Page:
The plot becomes complicated when Verdoux marries a woman who turns out to be a false widow, who causes him to lose all his money and forces him to work as a gardener in a country villa. Here he meets a young woman, played by Marilyn Nash, who sympathizes with him and gives him the strength to redeem himself and try to redeem himself from his crimes.
In his filmed black comedy when he was fired and exiled because of his communist views Charlie Chaplin stages the story of Bluebeard, using his comedy with unprecedented resentment and interest in unknown fate in his films. It is precisely the contrast between Chaplin’s comic tones and also the ruthless activities of the main characters that provides the comedy with shocking and unusual action.
Jour de fete (1949)
Jacques Tati before Monsieur Hulot, with his desire to perfect already strong circumstances, in this film based on his short film L’Ecole des facteurs (1947), which also includes himself in the character of the postman François. Jour de fête’s sleepy nods to the French countryside town provide the ideal comparison to François’ goal of influencing the “American-style” modern mailing he saw in an advertisement. Though perhaps not as successful here as in his later work, Tati hones his dialogue-free aesthetic humor, a series of loosely connected comic vignettes in which his masterful shots allow the jokes to unravel naturally.
Three versions of Jour de fête are still available: the black and white version from 1949; the total edited version of 1964 with the addition of hand-drawn colors and the 1995 reissue, restored in the originally intended color scheme. All three have their charms and provide an excellent account of his identity among the masters of French cinema.
Monsieur Hulot’s Vacation (1953)
Impossible to make a list of the best French comedies without including Jacques Tati, among the best French directors, dazzling burlesque star, the French equivalent of Chaplin and Buster Keaton. Les Vacances de Monsieur Hulot is excellent. Its shape and unique design make the master the perfect hero to gaze lightly at the sweet absurdity of summer sojourns by the sea in an excessively windy shoreline.
There is actually no story in the film. The dialogue is minimal and is only used for ridiculous and meaningless things that summer season tourists say. Sounds of all kinds end up being firecrackers, thrown for comic effect. The film is among the best collection of sight gags yet, however it is the context in which they are set and the setting of the film that elevates it into another world. The central character is an amazing amalgam of bewilderment at the modern world, and his every effort to fit in on his beach vacation devastates the order of things.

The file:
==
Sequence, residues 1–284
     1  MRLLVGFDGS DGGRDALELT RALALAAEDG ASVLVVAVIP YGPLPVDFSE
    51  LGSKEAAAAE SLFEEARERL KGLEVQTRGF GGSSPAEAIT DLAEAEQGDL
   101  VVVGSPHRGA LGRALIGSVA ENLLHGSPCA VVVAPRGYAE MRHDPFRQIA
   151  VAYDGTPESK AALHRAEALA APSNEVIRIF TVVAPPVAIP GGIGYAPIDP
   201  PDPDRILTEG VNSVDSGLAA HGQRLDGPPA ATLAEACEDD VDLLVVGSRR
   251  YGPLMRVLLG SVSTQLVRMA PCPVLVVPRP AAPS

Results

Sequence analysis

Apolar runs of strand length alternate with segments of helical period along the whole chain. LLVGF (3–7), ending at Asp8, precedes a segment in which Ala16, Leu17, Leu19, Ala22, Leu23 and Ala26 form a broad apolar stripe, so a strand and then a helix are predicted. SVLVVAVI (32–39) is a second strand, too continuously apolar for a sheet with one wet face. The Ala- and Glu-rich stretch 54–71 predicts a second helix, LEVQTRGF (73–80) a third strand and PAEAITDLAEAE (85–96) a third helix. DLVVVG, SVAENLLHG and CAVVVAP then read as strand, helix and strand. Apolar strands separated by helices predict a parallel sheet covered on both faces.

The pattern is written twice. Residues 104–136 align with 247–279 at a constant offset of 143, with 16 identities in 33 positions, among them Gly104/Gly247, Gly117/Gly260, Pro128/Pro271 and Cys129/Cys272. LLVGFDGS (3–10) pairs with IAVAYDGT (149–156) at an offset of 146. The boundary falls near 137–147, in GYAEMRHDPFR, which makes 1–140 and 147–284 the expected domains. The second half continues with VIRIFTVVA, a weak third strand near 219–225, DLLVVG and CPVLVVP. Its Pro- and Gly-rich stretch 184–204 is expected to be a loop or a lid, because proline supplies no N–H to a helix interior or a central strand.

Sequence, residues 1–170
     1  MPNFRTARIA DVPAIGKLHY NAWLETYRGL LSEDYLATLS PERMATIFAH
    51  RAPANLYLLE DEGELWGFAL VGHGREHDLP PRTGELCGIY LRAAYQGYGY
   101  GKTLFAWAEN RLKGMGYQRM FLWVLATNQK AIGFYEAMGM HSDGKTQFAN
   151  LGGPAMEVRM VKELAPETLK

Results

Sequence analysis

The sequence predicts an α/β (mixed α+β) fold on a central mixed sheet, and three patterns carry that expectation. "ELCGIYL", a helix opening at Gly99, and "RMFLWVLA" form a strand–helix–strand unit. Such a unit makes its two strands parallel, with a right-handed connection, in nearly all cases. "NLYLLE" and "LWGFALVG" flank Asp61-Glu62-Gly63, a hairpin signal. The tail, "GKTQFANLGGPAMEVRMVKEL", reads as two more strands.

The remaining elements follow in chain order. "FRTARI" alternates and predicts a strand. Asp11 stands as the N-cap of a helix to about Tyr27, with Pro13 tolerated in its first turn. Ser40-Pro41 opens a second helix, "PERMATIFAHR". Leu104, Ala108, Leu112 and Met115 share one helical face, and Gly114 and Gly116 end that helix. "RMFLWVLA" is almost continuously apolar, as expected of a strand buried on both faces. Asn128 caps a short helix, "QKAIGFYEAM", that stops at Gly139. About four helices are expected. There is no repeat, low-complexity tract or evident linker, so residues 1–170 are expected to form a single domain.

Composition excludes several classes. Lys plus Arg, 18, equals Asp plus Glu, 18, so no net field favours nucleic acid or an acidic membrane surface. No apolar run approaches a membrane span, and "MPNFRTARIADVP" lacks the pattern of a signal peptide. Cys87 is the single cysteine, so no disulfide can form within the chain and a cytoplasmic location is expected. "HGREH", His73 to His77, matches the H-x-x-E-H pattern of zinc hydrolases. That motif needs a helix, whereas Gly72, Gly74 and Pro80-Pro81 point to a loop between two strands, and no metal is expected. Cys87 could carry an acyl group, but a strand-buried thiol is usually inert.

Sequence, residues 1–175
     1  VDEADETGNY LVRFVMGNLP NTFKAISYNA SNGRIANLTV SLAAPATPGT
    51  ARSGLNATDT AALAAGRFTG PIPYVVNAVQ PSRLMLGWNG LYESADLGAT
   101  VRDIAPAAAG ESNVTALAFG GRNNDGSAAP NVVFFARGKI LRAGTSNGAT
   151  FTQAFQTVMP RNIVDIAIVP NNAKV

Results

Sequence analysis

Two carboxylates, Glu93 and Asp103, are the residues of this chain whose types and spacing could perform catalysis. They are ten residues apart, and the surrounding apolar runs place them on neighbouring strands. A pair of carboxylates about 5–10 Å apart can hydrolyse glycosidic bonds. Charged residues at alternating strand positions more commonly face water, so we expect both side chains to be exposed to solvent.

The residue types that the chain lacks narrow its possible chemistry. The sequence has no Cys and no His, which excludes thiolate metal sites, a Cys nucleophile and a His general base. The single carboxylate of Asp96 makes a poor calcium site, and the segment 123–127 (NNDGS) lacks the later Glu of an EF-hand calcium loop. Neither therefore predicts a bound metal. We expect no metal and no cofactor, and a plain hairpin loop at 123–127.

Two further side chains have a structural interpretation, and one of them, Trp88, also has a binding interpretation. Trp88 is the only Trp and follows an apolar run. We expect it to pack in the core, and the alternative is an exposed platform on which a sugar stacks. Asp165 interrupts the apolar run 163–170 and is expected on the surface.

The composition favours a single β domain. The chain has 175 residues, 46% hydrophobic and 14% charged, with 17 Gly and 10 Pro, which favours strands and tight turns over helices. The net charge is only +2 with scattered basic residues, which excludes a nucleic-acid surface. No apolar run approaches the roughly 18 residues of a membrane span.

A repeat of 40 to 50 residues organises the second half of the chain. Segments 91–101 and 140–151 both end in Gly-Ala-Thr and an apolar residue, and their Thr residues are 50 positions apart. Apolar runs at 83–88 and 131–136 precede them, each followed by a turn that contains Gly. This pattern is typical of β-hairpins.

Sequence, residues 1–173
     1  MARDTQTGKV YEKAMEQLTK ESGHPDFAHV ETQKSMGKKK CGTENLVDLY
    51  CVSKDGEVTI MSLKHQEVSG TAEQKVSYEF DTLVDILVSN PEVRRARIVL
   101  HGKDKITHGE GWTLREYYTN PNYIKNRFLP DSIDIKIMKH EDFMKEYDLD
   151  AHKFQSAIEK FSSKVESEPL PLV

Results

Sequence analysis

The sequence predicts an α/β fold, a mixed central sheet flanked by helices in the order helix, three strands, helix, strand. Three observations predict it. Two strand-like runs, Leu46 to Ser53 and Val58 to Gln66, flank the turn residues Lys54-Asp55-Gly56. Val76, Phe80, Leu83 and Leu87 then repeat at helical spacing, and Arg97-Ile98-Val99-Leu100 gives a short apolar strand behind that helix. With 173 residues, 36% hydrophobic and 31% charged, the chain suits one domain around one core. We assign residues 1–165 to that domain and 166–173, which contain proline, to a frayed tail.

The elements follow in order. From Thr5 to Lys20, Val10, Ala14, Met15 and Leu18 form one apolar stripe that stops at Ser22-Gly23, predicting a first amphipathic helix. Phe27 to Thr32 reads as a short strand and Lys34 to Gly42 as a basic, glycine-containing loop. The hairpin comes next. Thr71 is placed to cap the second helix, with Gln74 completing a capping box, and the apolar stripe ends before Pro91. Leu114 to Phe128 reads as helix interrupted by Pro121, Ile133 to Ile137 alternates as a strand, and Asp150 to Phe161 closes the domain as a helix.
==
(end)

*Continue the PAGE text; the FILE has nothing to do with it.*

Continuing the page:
A Bucket of Blood (1959)
Funny horror comedy by the king of the b-movie Roger Corman, filmed in 1959. One night, after listening to the words of a poet performing at the cafe The Yellow Door, the dull waiter Walter Paisley returns home to try to create a sculpture of the face of the hostess Carla, but accidentally kills the cat. Shot in record time of 5 days on a budget of only $ 50,000. Roger Corman, in addition to being king of b-movies, is also the king of low budget.
The Great War (1959)
The Great War was comedy at its most sophisticated. His anti-heroic stance towards Italian WWI exploits – which the establishment wanted to either proclaim or, better yet, not review at all – inspired the film. However, it ended up being popular and was exceptionally significant, sharing the Venice Film Festival’s Golden Lion with Rossellini’s Generale Della Rovere.
Vittorio Gassman and Alberto Sordi are at their best as two soldiers whose goal is only to resist. Their efforts to avoid a fate of fear are extraordinarily amusing, given the circumstances – for Monicelli and screenwriters Age and Scarpelli are right to create an environment in which the debacle of war is clearly evoked – but the ultimate irony of their fate is heartbreaking.
Little Shop of Horrors (1960)
It’s an american horror comedy from 1960 directed by Roger Corman. Written by Charles B. Griffith, the film is a farce about a florist who grows a plant that eats human blood.
Gravis Mushnick owns a flower and designer shop, run by himself and 2 staff members, sweet Audrey Fulquard and awkward Seymour Krelboined. Found on skid row, the rundown shop has little organization. Mushnick fires Seymour when he ruins a flower delivery for evil dentist Dr. Farb. Seymour informs him of a unique plant that he actually grew from seeds he obtained from a “Japanese Garden Enthusiast on Central Avenue.” Seymour confesses that he named the plant “Audrey Jr.”, which excites the real Audrey.
Jack Nicholson, describing the reaction to a screening of the film, said the audience laughed so hard you could barely hear the dialogue. The actor said that he had never had such a favorable reaction from the public before.
Among Corman’s gems, a crazy subject that was written in one evening. A successful film, with entertaining performances provided by the cast and excellent directing results from Corman while working under the self-imposed pressures of fast shooting and a budget plan.
The Apartment (1960)